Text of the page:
Researching Film and Television Through the Archive

The National Film and Sound Archive's collection contains approximately 1.7 million collection items.

The one-day multi-disciplinary symposium Researching Film and Television Through the Archive, jointly hosted on November 9th 2012 by University of Warwick’s Department of Film and Television Studies and the Institute of Advanced Study, will explore the practices and implications of researching film and television through the archive.

Making the archive the basis of a project or incorporating archival research into an existing project can be an insightful, rewarding, and frequently also a frustrating experience. The symposium will offer a space for archival researchers from across disciplines to share practices, methodologies and experiences of using different types of archives to research film and television texts, contexts and histories.

Call for Contributions

Abstracts are invited for contributions that seek to further understand the possibilities and boundaries of conducting archival research. Contributions can take the form of a 20 minute paper – outlining research ideas related to the themes of the symposium – or a 10 minute presentation – discussing the practical, methodological or scholarly implications of using archival research as an aspect of film and television research.

Contributions are particularly welcome in the following areas:

  • Archival research methodologies
  • Why do archival research?
  • The allure of the archive
  • Practical aspects of using archives
  • Archiving policy and practice
  • The possibilities of the archive
  • The limits and limitations of archival research
  • The archive, impact and the REF

Abstracts (max 200 words), along with a short biographical note and a specification of the type of contribution you wish to make, are due by Monday October 8th 2012. Please send your abstract to Richard.wallace@warwick.ac.uk .

 

CFP: Television for Women

Television for Women: An International Conference: Call for Papers
University of Warwick, Coventry, UK, 15th-17th May 2013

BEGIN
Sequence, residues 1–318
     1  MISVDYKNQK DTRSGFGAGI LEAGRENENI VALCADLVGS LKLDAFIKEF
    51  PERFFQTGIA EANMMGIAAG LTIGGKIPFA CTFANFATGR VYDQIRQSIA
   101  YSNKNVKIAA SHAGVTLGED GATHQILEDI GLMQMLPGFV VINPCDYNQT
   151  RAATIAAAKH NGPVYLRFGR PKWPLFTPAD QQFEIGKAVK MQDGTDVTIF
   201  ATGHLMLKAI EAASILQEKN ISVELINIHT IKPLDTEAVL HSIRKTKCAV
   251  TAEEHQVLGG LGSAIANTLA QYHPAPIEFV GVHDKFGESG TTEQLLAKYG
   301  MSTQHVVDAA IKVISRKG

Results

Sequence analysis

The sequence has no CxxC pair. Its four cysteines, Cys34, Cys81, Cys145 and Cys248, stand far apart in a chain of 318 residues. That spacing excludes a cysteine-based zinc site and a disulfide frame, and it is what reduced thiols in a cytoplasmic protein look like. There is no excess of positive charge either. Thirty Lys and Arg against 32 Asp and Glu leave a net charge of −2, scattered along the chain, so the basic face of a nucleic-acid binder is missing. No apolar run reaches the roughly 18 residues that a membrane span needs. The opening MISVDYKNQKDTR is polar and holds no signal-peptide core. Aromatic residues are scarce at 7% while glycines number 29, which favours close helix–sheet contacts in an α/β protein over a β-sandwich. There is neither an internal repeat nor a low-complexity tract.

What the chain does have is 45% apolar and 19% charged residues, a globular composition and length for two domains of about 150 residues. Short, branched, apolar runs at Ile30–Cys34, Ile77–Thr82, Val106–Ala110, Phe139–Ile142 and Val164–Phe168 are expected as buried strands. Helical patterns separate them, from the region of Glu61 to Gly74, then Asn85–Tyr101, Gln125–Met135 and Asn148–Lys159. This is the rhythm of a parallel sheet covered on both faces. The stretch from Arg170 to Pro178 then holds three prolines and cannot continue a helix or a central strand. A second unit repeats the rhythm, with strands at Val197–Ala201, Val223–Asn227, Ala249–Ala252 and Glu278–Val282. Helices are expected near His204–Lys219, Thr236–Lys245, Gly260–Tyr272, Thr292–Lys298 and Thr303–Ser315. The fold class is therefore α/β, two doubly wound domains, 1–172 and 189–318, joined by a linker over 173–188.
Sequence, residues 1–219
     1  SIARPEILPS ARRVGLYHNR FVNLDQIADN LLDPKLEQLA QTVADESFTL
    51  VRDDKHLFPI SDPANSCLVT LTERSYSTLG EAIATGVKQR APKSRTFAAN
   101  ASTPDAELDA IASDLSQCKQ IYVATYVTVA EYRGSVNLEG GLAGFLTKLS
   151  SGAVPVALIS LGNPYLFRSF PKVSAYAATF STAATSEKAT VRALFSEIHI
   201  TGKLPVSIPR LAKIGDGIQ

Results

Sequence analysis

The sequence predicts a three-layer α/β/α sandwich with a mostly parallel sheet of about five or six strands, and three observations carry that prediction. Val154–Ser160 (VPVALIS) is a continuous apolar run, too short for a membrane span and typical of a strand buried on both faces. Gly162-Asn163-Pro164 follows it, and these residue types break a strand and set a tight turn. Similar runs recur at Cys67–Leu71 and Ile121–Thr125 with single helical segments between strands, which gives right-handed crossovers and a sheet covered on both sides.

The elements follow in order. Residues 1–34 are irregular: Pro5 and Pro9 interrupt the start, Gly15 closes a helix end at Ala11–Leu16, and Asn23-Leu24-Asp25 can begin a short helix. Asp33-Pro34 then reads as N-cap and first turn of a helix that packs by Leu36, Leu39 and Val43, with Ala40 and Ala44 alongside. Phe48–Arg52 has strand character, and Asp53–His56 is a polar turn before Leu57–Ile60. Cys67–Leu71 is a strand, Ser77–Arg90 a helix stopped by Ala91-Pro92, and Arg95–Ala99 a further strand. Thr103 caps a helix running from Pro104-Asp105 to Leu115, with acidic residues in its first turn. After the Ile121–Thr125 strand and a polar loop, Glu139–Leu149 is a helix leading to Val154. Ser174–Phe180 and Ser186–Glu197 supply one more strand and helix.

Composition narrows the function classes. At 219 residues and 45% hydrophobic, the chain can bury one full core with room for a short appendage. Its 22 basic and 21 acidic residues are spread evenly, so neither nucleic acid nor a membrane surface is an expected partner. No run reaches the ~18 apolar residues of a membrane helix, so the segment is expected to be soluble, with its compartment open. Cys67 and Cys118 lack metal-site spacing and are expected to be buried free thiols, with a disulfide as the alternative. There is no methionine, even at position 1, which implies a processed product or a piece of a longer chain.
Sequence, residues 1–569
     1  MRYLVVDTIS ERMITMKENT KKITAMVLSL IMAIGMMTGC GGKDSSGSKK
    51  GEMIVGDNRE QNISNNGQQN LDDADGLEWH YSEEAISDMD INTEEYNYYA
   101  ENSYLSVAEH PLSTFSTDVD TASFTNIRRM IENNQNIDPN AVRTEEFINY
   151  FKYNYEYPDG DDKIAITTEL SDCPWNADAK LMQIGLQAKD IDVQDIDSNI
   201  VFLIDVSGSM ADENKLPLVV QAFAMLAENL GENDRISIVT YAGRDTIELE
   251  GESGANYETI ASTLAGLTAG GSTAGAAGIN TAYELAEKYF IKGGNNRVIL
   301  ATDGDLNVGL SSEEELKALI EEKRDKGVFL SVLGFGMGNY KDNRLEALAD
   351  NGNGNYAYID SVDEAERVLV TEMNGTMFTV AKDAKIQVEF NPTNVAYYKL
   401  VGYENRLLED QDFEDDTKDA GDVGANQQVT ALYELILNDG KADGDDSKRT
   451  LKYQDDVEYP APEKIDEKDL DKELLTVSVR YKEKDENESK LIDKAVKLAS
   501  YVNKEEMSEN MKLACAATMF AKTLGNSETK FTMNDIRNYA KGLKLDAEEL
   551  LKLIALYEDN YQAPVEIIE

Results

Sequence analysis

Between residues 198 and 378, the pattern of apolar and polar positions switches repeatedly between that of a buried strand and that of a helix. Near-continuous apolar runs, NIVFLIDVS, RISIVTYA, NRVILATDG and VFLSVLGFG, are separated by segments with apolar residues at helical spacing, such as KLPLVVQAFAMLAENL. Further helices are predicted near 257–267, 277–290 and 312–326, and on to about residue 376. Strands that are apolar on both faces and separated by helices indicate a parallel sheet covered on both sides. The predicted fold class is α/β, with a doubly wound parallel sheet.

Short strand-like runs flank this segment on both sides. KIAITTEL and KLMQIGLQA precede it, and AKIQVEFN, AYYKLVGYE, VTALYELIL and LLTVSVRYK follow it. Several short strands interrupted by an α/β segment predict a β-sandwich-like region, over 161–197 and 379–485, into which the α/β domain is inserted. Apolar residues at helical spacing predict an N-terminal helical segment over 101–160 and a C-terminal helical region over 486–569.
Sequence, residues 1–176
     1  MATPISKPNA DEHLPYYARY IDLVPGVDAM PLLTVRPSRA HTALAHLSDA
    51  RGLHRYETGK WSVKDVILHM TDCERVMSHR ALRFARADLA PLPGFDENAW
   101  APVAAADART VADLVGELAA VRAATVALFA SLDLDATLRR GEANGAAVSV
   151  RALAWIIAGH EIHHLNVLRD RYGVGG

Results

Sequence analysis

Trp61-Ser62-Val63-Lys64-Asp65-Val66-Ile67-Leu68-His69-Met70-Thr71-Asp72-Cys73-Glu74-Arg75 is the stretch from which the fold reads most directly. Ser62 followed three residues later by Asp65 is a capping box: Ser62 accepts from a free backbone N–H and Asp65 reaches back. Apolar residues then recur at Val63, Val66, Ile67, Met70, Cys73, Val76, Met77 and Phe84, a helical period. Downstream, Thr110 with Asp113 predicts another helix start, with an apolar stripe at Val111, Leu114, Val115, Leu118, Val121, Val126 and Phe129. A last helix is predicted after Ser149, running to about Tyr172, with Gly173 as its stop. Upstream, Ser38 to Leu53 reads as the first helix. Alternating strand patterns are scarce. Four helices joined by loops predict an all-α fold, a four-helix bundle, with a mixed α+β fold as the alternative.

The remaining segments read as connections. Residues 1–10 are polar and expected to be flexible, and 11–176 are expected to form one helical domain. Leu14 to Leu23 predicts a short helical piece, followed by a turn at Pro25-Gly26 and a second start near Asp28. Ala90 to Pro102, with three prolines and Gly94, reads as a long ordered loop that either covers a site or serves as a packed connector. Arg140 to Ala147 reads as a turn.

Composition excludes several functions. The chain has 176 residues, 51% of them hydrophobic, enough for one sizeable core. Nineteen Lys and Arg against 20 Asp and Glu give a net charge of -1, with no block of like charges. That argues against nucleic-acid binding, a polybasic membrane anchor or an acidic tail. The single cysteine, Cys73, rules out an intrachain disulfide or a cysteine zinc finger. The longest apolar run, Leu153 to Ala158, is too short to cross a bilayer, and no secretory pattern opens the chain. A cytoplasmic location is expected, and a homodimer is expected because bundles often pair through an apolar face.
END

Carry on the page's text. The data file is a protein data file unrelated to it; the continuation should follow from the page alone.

Keynote Speakers: Charlotte Brunsdon, Christine Geraghty, Kathleen Karlyn and Lynn Spigel

At the culmination of the AHRC-funded project, A History of Television for Women in Britain, 1947-89, the project team (Dr. Mary Irwin, Dr. Rachel Moseley and Dr. Helen Wheatley (Warwick), and Hazel Collie and Dr. Helen Wood (De Montfort)) are organising a three day conference which seeks to open up and internationalise debate about the past, present and future of television programming for women.

Whilst television has traditionally been identified as a ‘feminised’ medium, because it is apparently ‘domestic, passive and generally oriented to consumption, rather than production’ (D’Acci, 2004), there are still significant gaps in our knowledge of the relationship between television and women. The team is therefore interested in hearing from scholars about television programming made for and watched by women viewers throughout the history of broadcasting and in the contemporary period, and would welcome both other researchers writing about the UK and those offering comparative work overseas.

Whilst the project has worked to fill in some of the some of the gaps in the history of women’s television, outlining significant moments in their research period, specific programme types, genres and scheduling slots which have become significantly marked as feminine, they know that there are many more gaps to fill, and hope that this conference will be a further step towards this.

Potential topics

  • Rethinking broadcasting histories: where have women’s programmes and viewing practices been left out?
  • National histories of programming for women. Is ‘TV for Women’ a global phenomenon?
  • Female audiences: speaking to them, mapping their tastes and interests.
  • Institutional/production perspectives on addressing the female viewer: how have broadcasters envisaged ‘what women want’?
  • Questions of gender and genre.
  • Representation of women and women’s concerns and cultural competences on television (as addressed to the female viewer).
  • Feminist (and post-feminist) address and representation on television.
  • Significant programme makers/teams/production companies in the production of television for women: is TV for women TV by women?
  • Channels for women in the multichannel age: Lifestyle, Living, etc.
  • Archiving issues that relate to women’s TV culture.
  • Analyses of magazines and TV ephemera (listings guides, women’s magazines, promotional materials, etc.) and their address to the female viewer.
  • Other media, other screens: histories of women’s radio, the female viewer and social media, women viewers on multimedia viewing platforms, which consider their connection to television etc.
  • Understanding female TV fandom.
  • The question of generation: how do women remember and relate to television differently at different life stages.

Participate